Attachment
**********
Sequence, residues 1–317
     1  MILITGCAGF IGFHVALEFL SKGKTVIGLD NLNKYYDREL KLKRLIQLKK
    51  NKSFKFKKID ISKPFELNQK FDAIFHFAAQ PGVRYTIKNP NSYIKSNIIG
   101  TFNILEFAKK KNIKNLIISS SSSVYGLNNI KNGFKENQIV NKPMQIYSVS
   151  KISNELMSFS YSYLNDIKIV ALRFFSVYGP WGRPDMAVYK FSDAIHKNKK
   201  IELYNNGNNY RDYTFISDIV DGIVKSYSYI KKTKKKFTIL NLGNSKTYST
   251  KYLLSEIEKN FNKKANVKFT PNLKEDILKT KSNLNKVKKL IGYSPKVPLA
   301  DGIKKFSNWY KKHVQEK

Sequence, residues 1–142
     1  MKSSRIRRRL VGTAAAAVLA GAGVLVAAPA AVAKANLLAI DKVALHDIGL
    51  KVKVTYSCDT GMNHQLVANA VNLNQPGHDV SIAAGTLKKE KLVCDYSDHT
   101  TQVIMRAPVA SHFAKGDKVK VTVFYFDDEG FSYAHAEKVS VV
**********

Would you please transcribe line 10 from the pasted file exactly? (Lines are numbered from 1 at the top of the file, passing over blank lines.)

     1  MKSSRIRRRL VGTAAAAVLA GAGVLVAAPA AVAKANLLAI DKVALHDIGL